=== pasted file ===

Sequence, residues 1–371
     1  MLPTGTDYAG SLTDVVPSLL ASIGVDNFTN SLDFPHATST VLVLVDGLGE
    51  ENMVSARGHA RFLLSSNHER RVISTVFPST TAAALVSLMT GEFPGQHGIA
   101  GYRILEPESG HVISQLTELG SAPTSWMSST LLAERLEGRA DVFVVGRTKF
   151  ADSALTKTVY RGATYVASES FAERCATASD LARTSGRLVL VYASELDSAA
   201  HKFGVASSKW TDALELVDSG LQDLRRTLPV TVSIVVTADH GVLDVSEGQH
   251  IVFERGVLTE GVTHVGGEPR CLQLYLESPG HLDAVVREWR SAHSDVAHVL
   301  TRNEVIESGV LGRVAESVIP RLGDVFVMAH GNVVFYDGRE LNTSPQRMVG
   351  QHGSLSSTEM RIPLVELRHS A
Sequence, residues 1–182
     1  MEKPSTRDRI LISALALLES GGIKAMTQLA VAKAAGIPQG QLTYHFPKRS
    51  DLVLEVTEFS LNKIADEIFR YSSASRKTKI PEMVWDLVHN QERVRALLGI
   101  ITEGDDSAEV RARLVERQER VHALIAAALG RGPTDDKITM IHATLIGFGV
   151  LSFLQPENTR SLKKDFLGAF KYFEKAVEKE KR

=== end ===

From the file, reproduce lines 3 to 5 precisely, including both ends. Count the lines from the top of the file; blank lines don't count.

    51  ENMVSARGHA RFLLSSNHER RVISTVFPST TAAALVSLMT GEFPGQHGIA
   101  GYRILEPESG HVISQLTELG SAPTSWMSST LLAERLEGRA DVFVVGRTKF
   151  ADSALTKTVY RGATYVASES FAERCATASD LARTSGRLVL VYASELDSAA